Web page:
If you talk to me at all, or you read this blog, you’ll know that I usually gripe about how this company or that company isn’t leveraging digital print, or cross-media potential or is doing a pretty poor job of representing themselves through relational marketing.
So today, I wanted to show that some companies do it right. Case in point: NewPage.
I met the NewPage representative, Mary-Lou Cassidy at the Infoquest Toronto event where I was one of the guest speakers. I talked about relational marketing. We exchanged business cards. I really didn’t think much more about it. She was nice, and had interesting questions but, as a speaker, I handed out a lot of cards that day and when I came home and put them all into Outlook, I hesitated wondering whether I should keep her card. I didn’t.
You see, I work at a relational marketing agency. When we do print campaigns for our clients we rarely give paper a second thought. Most of the time the printer tells us what their choices are, and the rest of the time the client gives us a set of requirements, or occasionally the brand and type of paper to use. We don’t make those decisions most of the time; it’s out of our hands. So, not much point keeping the card.
Over the next few weeks she connected to me on LinkedIn, sent me an email with a link to a video by YouSendIt. I didn’t watch it. She also sent me a package of papers and information. I filed it away.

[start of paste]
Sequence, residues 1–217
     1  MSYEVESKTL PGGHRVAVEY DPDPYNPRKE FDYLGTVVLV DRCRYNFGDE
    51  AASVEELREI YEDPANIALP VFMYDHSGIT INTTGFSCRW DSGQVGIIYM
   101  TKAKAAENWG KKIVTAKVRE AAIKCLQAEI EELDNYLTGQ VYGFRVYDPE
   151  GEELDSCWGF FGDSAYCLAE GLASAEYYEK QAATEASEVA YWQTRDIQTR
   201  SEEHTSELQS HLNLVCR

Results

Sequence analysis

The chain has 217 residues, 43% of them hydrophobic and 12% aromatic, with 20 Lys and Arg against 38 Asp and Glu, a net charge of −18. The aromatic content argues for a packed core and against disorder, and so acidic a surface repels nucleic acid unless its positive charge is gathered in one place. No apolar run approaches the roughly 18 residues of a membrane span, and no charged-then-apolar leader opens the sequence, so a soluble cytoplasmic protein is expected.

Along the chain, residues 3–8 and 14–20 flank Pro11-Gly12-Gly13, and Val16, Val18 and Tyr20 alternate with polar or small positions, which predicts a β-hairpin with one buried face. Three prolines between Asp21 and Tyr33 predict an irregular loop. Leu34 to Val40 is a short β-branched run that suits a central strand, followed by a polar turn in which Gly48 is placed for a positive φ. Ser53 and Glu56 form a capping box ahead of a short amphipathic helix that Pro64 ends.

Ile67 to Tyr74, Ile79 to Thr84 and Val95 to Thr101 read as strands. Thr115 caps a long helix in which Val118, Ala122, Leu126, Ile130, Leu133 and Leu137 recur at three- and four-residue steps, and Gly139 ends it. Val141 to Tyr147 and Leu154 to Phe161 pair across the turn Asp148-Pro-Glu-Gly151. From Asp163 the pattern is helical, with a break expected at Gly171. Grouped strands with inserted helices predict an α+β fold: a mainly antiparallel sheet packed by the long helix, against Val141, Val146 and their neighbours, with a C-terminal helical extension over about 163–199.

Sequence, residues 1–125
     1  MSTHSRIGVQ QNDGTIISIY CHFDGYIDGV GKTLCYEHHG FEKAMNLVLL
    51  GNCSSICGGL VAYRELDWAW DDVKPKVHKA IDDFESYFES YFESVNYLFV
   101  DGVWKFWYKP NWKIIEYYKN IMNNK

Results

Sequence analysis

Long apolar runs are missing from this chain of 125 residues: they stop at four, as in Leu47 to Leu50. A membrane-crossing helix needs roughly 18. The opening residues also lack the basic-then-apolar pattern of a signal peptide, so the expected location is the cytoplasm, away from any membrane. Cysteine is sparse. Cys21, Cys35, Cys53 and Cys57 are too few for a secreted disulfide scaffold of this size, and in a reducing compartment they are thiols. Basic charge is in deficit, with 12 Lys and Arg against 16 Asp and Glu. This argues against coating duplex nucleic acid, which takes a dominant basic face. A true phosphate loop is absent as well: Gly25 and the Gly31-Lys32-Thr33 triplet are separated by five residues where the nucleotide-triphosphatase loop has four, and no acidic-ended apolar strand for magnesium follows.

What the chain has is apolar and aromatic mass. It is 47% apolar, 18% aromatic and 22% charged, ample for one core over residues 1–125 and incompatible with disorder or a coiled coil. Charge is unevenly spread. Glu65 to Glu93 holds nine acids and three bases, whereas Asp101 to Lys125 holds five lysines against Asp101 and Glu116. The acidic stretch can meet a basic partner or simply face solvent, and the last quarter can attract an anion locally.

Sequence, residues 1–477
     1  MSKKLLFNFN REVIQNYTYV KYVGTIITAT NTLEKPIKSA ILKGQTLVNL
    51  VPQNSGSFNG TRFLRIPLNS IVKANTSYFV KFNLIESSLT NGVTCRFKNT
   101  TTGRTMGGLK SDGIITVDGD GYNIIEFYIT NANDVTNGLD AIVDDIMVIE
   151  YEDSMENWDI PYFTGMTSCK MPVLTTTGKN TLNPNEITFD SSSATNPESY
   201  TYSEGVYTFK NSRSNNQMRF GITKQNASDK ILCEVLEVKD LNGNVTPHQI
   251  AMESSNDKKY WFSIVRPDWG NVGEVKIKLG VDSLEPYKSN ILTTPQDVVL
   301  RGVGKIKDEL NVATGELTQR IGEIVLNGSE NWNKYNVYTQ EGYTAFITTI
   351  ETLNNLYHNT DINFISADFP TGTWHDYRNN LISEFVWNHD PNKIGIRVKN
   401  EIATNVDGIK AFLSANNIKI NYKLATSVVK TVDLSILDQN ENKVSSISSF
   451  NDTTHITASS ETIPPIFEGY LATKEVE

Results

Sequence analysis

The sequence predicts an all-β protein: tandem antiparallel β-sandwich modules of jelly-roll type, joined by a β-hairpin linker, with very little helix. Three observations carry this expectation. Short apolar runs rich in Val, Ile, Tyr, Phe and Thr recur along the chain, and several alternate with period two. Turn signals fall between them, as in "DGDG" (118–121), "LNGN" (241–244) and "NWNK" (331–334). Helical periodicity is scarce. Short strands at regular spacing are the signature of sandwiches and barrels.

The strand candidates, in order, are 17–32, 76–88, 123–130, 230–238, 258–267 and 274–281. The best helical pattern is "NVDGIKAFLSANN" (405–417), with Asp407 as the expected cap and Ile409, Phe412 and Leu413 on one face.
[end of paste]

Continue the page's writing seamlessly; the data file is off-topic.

A few weeks later I got a direct mail piece. Very traditional looking, a postcard with an address block. I looked it over, and threw it out.
A self mailer, with the NewPage logo, and a curtain. Neat. So I opened it, because, obviously, you have to, when someone sends you a curtain.
You can’t really see it very well in this light and with my crappy iPhone picture, but it’s my name in huge letters, which is a bit cheesy, and just a teaser text that basically says “We’re sending you something, so check your mail.” Despite the fact that I work in a relational marketing agency that uses this very technique I was pretty cavalier about it. “You did send me something. Just now. Duh! Why didn’t you just say what you had to say?” Yes, I’m flippant even in my head.
I threw it out in my recycling bin. A few days passed by and nothing in the mail. I forgot all about it. Then a couple of days ago I found myself wondering if I would ever get whatever mailing I was going to receive from NewPage.
Today when I received the mailpiece I found I couldn’t wait to open it and, I have to say, I was not disappointed.
The actual piece was a folded, digitally printed and personalized card inserted in an envelope:
The colours are bright, digitally printed, of course, personalized; it’s a stunning piece, visually, and contrasting completely with everything they’ve sent me so far. I find myself thinking “That’s pretty awesome” and I haven’t even flipped it open yet.
Inside it’s more sober, and the business message is that you can get great paper at regular prices, and there’s no good reason not to. Fair enough.